Valuing natural resources critical to Africa's 'green economy' growth - UN
“As the continent undergoes such unprecedented development, wealth accounting and the valuation of ecosystem services are critical to Africa's future growth,” Executive Director of the UN Environment Programme, Achim Steiner, told the high-level African ministerial conference on green economy in Oran, Algeria.
Natural accounting and valuation in not a fringe activity, he stressed, but a cornerstone of wealth upon which sustainable, equitable and prosperous societies will be built.
Natural capital, which encompasses resources from trees to water to fish, is a critical asset in low-income countries where it makes up around 36 per cent of wealth, according to recent World Bank estimates.
“An inclusive green economy has the potential to improve human well-being and social equity, while significantly reducing environmental risks and ecological scarcities,” Mr. Steiner told the political leaders yesterday.
In a green economy, growth in income and employment is driven by public and private investment that reduces carbon emissions and pollution, enhances energy and resource efficiency, and prevents the loss of biodiversity and ecosystem services.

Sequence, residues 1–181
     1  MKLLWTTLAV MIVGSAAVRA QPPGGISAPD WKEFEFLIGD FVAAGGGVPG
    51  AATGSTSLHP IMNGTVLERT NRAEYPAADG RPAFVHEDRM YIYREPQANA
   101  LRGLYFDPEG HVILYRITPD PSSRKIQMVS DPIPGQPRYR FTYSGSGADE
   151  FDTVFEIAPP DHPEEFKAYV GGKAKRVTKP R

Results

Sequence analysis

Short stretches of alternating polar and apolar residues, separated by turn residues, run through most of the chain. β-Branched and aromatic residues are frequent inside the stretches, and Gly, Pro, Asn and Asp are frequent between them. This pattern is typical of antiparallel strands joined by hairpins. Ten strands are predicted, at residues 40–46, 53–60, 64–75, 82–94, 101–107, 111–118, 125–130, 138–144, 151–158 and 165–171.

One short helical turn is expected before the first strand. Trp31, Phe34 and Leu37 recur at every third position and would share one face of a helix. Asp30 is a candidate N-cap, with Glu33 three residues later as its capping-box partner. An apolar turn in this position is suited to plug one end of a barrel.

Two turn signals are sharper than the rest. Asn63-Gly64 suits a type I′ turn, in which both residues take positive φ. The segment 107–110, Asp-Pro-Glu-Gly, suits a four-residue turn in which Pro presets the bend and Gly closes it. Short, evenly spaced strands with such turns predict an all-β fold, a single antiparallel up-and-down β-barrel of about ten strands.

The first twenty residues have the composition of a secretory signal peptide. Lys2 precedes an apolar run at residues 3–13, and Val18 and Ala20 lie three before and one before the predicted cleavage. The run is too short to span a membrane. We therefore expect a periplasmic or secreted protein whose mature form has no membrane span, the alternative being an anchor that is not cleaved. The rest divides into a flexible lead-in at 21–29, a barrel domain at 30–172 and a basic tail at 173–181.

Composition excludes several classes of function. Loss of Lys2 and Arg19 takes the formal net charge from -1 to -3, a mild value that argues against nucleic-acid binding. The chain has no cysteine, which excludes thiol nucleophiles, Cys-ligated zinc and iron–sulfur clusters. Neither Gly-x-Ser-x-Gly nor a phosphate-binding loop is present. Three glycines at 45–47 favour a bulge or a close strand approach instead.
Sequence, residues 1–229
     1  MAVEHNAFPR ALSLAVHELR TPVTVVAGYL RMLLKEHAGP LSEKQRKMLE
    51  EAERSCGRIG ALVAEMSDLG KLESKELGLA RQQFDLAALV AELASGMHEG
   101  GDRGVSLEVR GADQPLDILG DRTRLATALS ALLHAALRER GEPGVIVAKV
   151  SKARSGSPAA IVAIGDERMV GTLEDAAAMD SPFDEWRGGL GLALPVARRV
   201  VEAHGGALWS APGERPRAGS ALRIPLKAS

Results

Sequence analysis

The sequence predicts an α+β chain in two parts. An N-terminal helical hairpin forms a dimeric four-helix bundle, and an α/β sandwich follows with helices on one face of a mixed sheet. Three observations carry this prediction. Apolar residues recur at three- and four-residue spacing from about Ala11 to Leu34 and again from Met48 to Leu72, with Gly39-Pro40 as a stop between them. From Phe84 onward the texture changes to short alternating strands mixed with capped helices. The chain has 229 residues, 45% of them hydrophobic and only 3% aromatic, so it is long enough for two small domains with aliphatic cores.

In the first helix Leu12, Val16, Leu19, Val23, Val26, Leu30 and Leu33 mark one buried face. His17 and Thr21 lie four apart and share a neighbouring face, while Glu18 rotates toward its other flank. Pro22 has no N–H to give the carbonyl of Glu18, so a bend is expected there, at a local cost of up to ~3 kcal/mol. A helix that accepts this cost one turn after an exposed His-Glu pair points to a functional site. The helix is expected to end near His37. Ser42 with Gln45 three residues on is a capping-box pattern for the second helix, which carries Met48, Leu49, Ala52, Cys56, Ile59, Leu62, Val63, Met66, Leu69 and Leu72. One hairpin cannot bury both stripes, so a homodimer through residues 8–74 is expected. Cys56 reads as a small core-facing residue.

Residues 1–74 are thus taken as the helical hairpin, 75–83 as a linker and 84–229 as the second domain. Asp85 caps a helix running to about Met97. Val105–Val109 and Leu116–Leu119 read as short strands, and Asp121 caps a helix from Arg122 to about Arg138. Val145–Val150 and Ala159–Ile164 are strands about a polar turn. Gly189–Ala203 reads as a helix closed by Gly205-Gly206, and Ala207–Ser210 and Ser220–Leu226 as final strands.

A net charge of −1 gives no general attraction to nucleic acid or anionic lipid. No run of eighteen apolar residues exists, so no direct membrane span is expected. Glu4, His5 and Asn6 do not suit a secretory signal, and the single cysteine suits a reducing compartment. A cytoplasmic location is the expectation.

“These investments need to be catalyzed and supported by targeted public expenditure, policy reforms and regulation changes,” Mr. Steiner told an audience that included actor Arnold Schwarzenegger, the founding Chair of the non-governmental organization, R20 Initiative.
The conference is being held as the international community is crafting a new post-2015 development agenda to succeed the eight anti-poverty targets known as the Millennium Development Goals (MDGs).
The meeting also comes ahead of the first global conference on Partnerships for Action on Green Economy (PAGE) to be held in the United Arab Emirates (UAE) in early March to support and promote the adoption of the green economy at the international level.
Also Saturday, the UN-backed Green Climate Fund agreed on guidelines that will shape its work and activities. The Fund is intended to be central tool to finance climate change action, both adaptation and mitigation, in developing countries.
Among the decisions made at the meeting in Indonesia, its Board agreed that the Fund would aim for a 50-50 balance between adoption and mitigation; would aim for a floor of 50 per cent of the adaptation allocation for vulnerable countries; to maximize engagement with the private sector; and to define its gender action plan in October 2014.
The Board, comprised of 24 members from developing and developed countries, also discussed how to shape its worn on low-carbon and climate-resilient development, among other topics.